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Pukka 1.7.1: user experience bug fixes

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I've just released Pukka 1.7.1, available here, to address some user experience issues. This release features better keyboard navigation in the main and preference windows, some minor bug fixes with the preferences involving showing the accounts in the dock and menu bar, and it ensures that the most recent bookmarks are shown by default, something that wasn't quite working right in 1.7. Enjoy!

NetworkLocation 3 and Meerkat

Congratulations to on today's release of NetworkLocation 3! NetworkLocation is a great app for the mobile computer user that lets you setup actions and preferences that happen based on where you are physically. It can detect networks, peripherals, and now, even your geographic location. It's a great time-saver if you frequent client sites where you need to turn off Growl, coffee shops where you need to turn the screensaver on and the volume down, or home when you need to connect to your server and set your default printer.

What's more, we've written a plugin for NetworkLocation for Meerkat support! Now you can combine Meerkat's great handling of SSH tunnels with NetworkLocation's great detection of where you are and what you need to be doing. NetworkLocation can even set your system-wide proxy settings, so you can more easily use Meerkat for secure SOCKS-based web browsing when you're on the go.

If you want to grab the plugin directly, it's available on the NetworkLocation site. Again, congratulations to the guys at!

C4[2] this weekend in Chicago

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For the third year in a row, I'm headed to Chicago this weekend for the C4 Mac indie developer conference. C4 has been a great way to meet new folks, learn about the state of the independent Mac software industry, and get recharged for the coming year.

If you're headed to C4 this weekend, be sure to try to find me if we've never met. I love meeting new people -- and especially Mac developers!

Drupal File Taxonomy Server public release!

I've finally been able to make a public, alpha release of the File Taxonomy Server for Drupal 6, allowing integration of a Drupal site's category structure into a drag-and-drop WebDAV interface. I blogged about this software a bit previously, but am finally getting some code out there. If it sounds like something you'd be interested in, then I encourage you to check out the project and give it a spin.

I've fixed a couple minor bugs and now the install instructions mention the latest tested versions of the DAV API and File Framework projects, so it should be pretty easy to get going.

You can create and edit categories and upload and tag files to your site, all from the comfort of your WebDAV client, including Mac OS X's Finder, Windows' Explorer, or other applications like Transmit, Coda, and Cyberduck.

Feedback is welcome, but please report bugs over on the project page, not here. I welcome comments and feedback, but please try to keep official feature requests and bug reports over there.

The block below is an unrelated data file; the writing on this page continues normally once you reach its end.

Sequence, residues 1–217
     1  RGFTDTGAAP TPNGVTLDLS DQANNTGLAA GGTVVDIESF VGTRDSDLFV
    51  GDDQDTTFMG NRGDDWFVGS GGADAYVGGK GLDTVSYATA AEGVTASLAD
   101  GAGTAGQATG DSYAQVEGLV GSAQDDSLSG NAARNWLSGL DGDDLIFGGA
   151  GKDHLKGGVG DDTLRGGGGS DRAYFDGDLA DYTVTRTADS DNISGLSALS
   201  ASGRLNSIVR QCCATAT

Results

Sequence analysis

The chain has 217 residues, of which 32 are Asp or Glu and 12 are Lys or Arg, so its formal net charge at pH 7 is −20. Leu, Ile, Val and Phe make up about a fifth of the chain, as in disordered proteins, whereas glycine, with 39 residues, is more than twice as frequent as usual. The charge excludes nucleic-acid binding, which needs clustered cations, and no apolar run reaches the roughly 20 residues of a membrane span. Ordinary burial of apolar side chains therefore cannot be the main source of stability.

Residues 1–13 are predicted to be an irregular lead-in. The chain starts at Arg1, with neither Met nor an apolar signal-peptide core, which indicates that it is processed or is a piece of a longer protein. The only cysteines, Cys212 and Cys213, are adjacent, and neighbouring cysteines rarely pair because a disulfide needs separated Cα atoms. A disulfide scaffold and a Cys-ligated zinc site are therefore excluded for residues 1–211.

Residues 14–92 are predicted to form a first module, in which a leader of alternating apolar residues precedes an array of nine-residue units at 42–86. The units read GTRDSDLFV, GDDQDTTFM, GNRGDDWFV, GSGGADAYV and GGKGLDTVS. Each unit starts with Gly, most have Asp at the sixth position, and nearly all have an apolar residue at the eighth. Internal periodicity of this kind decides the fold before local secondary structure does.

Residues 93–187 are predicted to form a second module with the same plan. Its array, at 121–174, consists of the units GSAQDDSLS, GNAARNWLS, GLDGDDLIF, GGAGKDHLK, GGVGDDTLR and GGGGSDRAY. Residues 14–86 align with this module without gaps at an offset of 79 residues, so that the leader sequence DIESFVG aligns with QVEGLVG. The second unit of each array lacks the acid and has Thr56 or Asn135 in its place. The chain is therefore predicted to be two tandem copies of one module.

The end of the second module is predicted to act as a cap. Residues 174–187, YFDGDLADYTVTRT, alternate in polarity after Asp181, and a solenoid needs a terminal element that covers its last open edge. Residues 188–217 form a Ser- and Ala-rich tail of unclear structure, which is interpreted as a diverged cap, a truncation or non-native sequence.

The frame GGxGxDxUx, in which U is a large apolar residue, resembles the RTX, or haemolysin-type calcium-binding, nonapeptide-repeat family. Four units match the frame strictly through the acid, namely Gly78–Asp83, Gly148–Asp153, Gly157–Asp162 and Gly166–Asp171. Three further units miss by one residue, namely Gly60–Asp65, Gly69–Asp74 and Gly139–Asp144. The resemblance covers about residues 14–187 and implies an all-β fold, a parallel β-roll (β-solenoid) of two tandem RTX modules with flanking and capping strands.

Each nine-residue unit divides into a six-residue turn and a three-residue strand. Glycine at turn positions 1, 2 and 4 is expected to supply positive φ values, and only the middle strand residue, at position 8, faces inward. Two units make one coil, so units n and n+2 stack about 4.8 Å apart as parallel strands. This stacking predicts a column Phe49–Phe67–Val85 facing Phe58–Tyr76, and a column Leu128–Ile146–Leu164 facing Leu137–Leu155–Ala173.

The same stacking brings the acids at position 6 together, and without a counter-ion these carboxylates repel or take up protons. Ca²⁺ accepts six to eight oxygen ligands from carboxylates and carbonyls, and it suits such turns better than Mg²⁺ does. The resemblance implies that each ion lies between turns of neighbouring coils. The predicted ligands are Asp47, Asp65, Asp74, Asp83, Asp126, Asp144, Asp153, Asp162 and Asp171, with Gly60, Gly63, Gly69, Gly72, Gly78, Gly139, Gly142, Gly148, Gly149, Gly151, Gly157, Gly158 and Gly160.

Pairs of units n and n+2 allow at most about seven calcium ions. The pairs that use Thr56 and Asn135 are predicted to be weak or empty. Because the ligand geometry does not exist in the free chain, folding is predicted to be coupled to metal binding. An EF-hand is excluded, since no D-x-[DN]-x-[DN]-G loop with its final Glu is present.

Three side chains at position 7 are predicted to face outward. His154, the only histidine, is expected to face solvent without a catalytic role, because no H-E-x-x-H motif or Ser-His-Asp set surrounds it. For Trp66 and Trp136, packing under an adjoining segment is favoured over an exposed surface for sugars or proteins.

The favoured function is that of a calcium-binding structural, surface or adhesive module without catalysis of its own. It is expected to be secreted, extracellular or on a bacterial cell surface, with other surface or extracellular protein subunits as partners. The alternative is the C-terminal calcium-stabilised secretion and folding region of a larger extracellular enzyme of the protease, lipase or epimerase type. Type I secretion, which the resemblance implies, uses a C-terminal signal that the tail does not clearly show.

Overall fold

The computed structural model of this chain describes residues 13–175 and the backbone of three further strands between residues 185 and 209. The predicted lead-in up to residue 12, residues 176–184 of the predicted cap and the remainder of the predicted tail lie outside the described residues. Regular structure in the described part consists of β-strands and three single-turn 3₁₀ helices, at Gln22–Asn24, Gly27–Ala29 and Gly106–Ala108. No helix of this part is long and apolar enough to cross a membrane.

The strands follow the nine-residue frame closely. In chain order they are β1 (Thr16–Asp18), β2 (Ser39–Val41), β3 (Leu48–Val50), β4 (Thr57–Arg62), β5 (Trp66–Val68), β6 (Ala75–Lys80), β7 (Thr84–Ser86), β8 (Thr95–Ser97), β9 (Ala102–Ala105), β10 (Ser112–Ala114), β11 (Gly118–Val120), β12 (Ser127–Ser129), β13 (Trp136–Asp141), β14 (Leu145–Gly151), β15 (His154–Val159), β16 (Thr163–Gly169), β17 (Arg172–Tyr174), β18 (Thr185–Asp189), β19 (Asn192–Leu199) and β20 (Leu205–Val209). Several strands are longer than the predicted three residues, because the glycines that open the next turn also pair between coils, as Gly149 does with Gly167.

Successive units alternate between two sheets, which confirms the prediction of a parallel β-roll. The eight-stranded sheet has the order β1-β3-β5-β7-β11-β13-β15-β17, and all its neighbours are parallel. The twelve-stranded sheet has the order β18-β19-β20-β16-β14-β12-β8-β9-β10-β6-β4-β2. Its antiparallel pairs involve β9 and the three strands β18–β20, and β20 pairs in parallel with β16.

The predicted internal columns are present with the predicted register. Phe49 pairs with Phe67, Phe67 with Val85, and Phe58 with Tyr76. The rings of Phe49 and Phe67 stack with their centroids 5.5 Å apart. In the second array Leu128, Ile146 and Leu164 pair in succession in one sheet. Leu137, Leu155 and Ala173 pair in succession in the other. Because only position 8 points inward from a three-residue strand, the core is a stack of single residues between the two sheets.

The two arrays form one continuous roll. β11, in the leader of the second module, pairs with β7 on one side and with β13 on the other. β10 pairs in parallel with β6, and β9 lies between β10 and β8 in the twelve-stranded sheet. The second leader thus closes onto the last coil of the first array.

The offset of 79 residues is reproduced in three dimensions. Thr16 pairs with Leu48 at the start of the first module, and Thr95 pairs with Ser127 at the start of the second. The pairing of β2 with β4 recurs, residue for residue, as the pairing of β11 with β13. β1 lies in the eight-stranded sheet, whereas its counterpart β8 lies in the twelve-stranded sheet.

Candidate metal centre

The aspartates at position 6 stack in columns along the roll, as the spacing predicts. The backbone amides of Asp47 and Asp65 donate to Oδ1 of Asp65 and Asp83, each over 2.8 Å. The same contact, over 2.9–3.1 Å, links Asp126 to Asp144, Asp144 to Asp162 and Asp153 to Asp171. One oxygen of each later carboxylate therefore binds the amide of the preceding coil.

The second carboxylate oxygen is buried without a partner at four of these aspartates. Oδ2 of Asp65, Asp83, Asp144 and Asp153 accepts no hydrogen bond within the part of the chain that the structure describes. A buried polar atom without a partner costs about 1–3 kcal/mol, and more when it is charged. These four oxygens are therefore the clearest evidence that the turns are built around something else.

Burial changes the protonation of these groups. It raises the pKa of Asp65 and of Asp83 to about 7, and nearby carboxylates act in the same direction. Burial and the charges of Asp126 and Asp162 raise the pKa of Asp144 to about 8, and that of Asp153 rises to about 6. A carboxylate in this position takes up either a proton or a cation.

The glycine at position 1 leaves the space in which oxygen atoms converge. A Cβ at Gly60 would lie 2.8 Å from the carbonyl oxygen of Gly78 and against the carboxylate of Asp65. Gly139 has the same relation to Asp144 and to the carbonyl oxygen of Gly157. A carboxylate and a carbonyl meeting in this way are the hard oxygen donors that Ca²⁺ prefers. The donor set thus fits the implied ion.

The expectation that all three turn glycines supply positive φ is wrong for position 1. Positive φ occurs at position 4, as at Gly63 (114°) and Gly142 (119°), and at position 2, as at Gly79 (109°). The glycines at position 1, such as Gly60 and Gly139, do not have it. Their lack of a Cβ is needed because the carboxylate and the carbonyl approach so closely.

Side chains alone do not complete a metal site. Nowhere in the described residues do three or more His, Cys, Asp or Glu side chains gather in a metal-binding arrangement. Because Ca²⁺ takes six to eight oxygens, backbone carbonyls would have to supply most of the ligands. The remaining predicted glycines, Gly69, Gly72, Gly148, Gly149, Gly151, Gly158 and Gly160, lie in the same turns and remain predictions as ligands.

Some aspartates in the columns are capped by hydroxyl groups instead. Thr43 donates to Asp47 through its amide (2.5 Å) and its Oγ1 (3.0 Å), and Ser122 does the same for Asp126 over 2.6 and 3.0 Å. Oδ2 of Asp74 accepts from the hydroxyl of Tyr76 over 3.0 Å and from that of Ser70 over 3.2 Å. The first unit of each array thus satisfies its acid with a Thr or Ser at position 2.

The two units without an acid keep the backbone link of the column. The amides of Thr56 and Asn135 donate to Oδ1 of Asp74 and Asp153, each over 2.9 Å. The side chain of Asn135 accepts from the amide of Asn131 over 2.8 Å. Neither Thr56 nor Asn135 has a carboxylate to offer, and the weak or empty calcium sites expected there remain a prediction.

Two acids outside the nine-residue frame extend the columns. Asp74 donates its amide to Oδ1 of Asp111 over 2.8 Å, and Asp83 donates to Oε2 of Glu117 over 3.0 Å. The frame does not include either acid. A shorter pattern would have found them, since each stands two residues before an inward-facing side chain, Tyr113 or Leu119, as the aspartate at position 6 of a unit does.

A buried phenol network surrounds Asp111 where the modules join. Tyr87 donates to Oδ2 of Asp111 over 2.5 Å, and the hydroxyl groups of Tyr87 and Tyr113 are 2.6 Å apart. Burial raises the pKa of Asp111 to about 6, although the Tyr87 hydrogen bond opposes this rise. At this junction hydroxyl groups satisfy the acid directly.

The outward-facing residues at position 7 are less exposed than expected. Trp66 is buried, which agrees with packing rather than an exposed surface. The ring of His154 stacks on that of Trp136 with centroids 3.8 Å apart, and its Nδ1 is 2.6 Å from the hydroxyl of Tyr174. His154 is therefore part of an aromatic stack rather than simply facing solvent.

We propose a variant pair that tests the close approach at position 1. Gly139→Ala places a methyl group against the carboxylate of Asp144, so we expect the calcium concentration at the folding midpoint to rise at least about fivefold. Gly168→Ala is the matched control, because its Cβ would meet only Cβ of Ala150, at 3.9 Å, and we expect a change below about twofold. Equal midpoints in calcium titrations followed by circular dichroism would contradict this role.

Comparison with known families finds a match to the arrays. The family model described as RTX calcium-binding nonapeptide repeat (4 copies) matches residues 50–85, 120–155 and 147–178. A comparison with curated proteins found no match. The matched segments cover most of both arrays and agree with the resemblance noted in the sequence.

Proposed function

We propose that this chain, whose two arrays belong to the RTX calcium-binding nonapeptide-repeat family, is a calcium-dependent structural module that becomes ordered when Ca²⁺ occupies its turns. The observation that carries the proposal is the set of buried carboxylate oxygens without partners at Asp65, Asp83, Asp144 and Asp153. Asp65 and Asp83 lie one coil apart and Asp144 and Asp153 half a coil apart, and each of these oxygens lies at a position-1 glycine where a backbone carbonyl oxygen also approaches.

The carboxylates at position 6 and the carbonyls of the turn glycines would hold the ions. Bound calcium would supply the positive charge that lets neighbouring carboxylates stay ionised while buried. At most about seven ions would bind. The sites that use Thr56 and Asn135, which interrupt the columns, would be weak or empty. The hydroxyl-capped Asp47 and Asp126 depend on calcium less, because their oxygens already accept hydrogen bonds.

Make him an offer!

For the second year in a row, I'm proud to help Seth Dillingham in his efforts to raise money for the Jimmy Fund to fight cancer. His personal goal this year is $10,000, both by sponsorship of his cycling and (this is where I come in) his bundle auctions of Mac software.

If you'd like to help out, you can check out the info, where both Pukka and Meerkat are featured, build a bundle of the software that you want, and make Seth an offer for it.

There's a lot of great software on there -- apps that I use already include 1Password, DropDMG, MarsEdit, PlistEdit Pro, rooSwitch, Sound Studio, SuperDuper!, yFlicks, and YummySoup!, among others.

So go check it out!

Pukka 1.7 is out!

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After some public beta testing, I'm happy to report that Pukka 1.7 is now released! There are only slight changes over the beta release, but to reiterate, the main new features include:

  • The description length can now be up to 1,000 characters in order to match recent changes to Delicious.
  • The latest ten bookmarks across accounts is now shown in the dock and menu bar menus, if they are enabled.
  • A backup of each of your accounts' bookmarks, as retrieved from the server, is made from time to time. See Pukka -> View Backup Folder...

There are two new features not in the beta, too:

  • When selecting a bookmark from any of Pukka's menus, holding down the Option key will allow editing of that bookmark in Pukka.
  • Application and document icons up to 512 pixels have been added for better appearance on Leopard and greater.

There are a number of bug fixes and tweaks, too -- the best way to read the full scoop is to use Pukka's in-app updating feature or check out the appcast RSS, and you can grab Pukka itself here. Enjoy!

Beta beat: Pukka 1.7

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I've had some enhancements to Pukka in the works for some time, but thanks to the launch of Delicious 2.0, I've been spurred into action to selectively put some of them into a release, as well as address some issues with the new platform. Chief among the latter is an update to allow post descriptions up to 1000 characters, or rather, to only warn when they are over 1000, not the previous 255, characters.

I'm releasing a beta of Pukka 1.7 that also includes the following: